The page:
Mexican President Andrés Manuel López Obrador issued a modified, new decree Monday to ban genetically modified white corn while temporarily allowing GM corn for feed and industrial uses.

The new decree, which replaces a more simplistic version published in 2020, makes clear that Mexico intends to ban all GM corn, but recognizes that it must continue to allow imports for feed and industrial uses until the country can somehow replace the supplies for which it now depends on the U.S.

The U.S. is Mexico’s primary supplier of corn, and almost all of it is genetically modified. The U.S. exported 15.4 million metric tons of corn in 2022, according to USDA data. The U.S. ships roughly 1.6 million tons of white corn per year to Mexico.

The ban on imports of GM white corn for use in food such as tortillas appears to be immediate, but the decree does not set a time frame for blocking imports of feed corn.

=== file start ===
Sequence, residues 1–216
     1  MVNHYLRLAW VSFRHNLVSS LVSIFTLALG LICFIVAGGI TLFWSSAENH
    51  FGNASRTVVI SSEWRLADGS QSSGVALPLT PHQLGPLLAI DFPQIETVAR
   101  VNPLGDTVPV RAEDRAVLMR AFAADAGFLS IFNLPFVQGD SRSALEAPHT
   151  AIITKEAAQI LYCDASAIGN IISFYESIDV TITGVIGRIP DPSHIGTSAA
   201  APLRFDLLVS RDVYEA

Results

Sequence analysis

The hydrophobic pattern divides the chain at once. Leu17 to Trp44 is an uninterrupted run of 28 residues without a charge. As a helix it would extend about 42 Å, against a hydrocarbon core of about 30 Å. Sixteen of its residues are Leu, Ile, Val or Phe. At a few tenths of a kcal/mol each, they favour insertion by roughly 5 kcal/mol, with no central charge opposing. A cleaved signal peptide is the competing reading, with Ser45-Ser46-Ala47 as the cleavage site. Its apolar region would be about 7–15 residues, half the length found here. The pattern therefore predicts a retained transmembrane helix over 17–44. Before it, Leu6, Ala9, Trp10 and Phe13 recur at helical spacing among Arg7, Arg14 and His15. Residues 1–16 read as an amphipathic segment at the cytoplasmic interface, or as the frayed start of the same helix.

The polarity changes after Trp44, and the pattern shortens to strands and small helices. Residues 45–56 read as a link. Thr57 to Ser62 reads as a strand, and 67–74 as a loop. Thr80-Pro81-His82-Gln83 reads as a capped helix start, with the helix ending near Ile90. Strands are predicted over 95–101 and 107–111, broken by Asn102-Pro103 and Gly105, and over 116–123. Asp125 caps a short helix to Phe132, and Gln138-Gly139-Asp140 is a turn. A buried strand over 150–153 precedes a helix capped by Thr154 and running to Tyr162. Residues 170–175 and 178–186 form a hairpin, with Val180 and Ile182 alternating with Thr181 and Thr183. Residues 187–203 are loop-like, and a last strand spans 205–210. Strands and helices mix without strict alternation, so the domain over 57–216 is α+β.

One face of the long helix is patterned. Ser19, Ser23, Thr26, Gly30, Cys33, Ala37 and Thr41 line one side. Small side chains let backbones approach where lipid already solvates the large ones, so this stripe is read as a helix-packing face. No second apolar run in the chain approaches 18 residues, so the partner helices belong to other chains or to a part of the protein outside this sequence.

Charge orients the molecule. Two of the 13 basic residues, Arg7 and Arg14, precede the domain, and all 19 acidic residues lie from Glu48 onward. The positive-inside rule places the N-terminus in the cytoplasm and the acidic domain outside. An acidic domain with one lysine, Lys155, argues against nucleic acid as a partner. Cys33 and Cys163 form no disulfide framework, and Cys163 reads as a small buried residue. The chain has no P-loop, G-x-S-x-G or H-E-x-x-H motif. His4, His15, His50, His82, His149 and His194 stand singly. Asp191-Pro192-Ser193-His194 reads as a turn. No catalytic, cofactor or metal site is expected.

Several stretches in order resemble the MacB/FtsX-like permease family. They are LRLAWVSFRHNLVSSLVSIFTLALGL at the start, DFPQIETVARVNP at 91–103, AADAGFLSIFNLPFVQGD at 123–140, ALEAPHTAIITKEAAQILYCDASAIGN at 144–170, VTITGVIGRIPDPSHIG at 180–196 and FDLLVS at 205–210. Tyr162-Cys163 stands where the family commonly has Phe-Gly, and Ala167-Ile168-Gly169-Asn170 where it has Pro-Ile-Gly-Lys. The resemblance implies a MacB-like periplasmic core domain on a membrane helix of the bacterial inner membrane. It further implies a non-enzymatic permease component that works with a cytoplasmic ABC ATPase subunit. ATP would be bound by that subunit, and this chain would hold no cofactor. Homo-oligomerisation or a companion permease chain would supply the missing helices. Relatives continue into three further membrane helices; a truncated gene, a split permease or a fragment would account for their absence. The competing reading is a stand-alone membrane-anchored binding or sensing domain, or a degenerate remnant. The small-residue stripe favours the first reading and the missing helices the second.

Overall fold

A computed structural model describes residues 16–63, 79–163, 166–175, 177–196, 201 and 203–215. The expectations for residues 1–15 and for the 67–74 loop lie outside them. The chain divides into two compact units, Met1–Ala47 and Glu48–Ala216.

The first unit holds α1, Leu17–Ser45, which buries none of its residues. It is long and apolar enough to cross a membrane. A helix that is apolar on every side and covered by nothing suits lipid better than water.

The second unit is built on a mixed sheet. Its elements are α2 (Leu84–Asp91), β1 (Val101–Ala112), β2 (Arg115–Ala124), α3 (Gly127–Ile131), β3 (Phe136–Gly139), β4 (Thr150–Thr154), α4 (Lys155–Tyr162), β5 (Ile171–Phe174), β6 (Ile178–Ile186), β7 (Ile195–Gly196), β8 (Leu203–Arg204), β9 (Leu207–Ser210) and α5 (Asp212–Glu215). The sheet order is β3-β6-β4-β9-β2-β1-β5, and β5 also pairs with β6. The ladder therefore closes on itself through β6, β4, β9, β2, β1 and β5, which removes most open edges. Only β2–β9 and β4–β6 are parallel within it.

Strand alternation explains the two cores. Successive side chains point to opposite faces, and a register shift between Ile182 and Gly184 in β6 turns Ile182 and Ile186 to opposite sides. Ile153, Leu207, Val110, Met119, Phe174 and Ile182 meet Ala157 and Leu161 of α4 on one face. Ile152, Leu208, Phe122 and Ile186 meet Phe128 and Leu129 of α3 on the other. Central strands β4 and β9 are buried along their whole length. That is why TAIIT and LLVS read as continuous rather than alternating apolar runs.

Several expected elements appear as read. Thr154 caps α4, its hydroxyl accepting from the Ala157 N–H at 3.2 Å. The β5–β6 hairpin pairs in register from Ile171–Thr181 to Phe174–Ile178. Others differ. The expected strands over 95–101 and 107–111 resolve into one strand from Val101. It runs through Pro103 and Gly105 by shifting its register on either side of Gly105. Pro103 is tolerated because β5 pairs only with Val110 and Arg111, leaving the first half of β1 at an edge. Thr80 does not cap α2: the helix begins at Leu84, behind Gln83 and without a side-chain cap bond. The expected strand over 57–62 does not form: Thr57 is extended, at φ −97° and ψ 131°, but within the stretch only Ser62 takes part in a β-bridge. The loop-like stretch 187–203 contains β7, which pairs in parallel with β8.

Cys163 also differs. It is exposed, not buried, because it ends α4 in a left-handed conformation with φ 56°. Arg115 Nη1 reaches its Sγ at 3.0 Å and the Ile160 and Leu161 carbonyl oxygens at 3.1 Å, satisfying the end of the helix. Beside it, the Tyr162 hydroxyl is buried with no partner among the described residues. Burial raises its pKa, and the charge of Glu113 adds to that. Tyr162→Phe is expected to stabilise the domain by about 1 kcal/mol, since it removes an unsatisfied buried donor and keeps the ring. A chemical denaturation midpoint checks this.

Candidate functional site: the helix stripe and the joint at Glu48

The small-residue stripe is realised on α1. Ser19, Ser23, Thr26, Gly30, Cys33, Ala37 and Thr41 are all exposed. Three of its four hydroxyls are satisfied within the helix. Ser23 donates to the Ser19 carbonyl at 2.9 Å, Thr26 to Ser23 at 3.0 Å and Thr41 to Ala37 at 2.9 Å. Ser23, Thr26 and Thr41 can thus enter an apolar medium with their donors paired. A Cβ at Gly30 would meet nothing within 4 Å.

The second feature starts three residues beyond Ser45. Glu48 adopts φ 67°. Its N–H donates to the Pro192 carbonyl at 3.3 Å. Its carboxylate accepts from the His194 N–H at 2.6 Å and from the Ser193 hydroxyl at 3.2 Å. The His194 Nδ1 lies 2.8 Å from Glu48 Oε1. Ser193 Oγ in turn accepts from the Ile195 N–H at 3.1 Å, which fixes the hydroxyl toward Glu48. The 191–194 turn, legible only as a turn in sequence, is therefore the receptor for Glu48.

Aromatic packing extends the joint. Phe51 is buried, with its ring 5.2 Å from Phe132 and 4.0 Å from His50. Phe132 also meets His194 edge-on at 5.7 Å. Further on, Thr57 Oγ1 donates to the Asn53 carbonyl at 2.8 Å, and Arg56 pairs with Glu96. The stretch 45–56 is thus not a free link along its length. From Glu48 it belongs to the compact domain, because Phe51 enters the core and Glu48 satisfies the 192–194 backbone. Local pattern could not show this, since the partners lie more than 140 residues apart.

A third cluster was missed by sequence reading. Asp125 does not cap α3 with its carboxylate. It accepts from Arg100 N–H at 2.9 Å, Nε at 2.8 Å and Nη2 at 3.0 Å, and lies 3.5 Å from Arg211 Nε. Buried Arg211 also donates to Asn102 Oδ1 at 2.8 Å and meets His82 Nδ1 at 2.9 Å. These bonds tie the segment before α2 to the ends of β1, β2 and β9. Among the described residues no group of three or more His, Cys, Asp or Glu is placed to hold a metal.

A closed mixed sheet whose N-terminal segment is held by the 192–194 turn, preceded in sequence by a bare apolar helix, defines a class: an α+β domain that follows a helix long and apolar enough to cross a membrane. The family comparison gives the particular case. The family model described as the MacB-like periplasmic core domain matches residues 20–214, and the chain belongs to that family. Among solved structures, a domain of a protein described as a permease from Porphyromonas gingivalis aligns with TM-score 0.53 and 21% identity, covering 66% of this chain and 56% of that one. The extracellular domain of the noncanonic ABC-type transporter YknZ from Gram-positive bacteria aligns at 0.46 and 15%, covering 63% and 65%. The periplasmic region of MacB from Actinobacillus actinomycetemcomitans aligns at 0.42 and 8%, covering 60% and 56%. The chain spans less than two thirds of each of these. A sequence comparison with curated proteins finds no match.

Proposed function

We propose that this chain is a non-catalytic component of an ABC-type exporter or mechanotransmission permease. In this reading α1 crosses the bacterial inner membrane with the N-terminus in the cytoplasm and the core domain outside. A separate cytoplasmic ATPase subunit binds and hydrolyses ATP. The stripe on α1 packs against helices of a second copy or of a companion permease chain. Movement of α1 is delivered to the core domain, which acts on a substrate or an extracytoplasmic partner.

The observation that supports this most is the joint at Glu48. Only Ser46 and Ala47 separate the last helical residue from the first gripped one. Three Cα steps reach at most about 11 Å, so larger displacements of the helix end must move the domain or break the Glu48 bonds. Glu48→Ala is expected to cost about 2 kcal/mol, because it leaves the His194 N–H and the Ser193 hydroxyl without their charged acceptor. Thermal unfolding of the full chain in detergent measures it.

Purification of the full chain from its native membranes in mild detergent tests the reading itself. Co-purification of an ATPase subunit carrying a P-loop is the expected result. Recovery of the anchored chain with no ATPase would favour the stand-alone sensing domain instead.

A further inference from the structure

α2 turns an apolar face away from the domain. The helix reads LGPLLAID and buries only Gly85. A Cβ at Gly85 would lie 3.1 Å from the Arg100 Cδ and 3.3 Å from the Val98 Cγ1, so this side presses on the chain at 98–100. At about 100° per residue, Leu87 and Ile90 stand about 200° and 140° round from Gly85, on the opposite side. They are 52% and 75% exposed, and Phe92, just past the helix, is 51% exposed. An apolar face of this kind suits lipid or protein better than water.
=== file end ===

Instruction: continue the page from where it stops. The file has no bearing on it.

Neither the USDA nor the Office of the U.S. Trade Representative has released a reaction to the new decree, Both rejected a Mexican proposal presented to them in December that was similar in scope to what was published Tuesday in Mexico’s Diario Oficial, which is comparable to the U.S. Federal Register.

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Mexico sent several ministers to Washington in December to deliver a compromise proposal that would keep the Mexican market open to U.S. feed corn while preventing genetically modified white corn from being used to make food in Mexico. 

Doug McKalip, chief ag negotiator for USTR, and Alexis Taylor, USDA undersecretary for trade and foreign agricultural affairs, traveled to Mexico City in late January to reject that proposal.

That proposed compromise, USDA and USTR said in a statement, was not “grounded in science” and threatened to “disrupt billions of dollars in bilateral agricultural trade, cause serious economic harm to U.S. farmers and Mexican livestock producers, and stifle important innovations needed to help producers respond to pressing climate and food security challenges.”